A door opens, a crime is committed, honor is transgressed, and the conflicts in a literary classic intertwine with a husband’s thirst for vengeance in bustling Tehran.
That’s how one of the most subtle-yet-audacious masters of cinema, Oscar-winner Asghar Farhadi, pieces together a confrontation between traditionalism and mankind’s perpetually imperfect state in The Salesman.
Uninterested in rigid resolutions that could clearly categorize any of his characters as evildoers or saints, Farhadi prefers to tantalize audiences with nearly unbearable tension in order to showcase the motivations of all parties involved, which are never easy to judge or justify.
For The Salesman, which won the Best Actor and Best Screenplay awards at Cannes in 2016 and is now nominated for the Best Foreign Language Film Academy Award, Arthur Miller’s classic play acts as an indirect reflection of what Farhadi’s protagonists, two married theater actors, experience when their relationship is tested by an intruder in their new home. As fear paralyzes Rana (Taraneh Alidoosti), the victim, her devoted partner, Emad (Shahab Hosseini), obsesses over finding a cure for her distress – even if the only satisfying answer seems to be destructive. Peeling off each layer of his characters’ psyche with perfectly measured force, the Iranian auteur elicits knockout performances from everyone involved and constructs a final act that is as electrifying as few other conclusions in recent memory.
Inevitably, with such an awe-inspiring career and the ability to create riveting drama from commonplace obstacles, the standards to which Asghar Farhadi’s work is held are unbelievably high, yet once again he demonstrates that his storytelling brilliance is still in its prime. Marriage, and the tribulations that come from such close interactions between two people who are meant to share everything and become a unit, has been his focus, and most of Farhadi’s films exist in that volatile flux between passionate affection and hateful disagreements.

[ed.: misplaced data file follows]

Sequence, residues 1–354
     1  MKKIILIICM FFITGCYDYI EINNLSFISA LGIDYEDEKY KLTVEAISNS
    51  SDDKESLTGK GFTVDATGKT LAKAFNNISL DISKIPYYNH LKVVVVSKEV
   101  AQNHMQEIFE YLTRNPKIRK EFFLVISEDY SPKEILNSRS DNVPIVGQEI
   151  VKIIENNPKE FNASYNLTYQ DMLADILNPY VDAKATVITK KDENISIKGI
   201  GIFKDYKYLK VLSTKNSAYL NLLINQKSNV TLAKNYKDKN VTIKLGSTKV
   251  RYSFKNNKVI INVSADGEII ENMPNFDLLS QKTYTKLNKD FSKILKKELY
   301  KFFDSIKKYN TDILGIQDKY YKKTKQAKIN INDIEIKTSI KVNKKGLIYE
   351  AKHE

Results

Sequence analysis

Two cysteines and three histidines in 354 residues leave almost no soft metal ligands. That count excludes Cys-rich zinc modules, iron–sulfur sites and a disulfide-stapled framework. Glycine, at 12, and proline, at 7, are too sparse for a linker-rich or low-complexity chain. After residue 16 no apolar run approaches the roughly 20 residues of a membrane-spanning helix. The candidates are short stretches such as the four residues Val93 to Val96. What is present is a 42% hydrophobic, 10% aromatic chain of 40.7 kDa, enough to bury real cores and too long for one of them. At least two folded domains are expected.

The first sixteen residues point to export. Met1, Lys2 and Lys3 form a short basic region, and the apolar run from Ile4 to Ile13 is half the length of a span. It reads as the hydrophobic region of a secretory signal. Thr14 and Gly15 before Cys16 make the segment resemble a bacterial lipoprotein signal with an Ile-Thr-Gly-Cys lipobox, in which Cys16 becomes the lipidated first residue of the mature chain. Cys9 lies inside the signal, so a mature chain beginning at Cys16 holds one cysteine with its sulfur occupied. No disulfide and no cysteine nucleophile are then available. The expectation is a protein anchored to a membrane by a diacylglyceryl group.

Late last year, MovieMaker sat down with the director to discuss his battle with the blank page at the beginning of a new project and the strangeness of romantic love.
Carlos Aguilar, MovieMaker Magazine (MM): Walk us through your writing process, from the moment you sit down in front of the blank page. How do the complex stories in your films evolve and take shape?
Asghar Farhadi (AF): Always, before I sit down before the blank page, there’s a bunch of scattered things in my mind. They are unrelated to one another, but I somehow want them to all be in the film. And then, I begin establishing the links between these things. I never say what it is I’m going to be making a film about, what it is I’m going to try to say. I just attempt to start a multi-dimensional story when I sit down to write a treatment. I step back a little after writing, and then when I come back, I read it again to try to see what is this story talking about. Then, based on what I believe, I begin to rewrite and emphasize certain things to be bolder.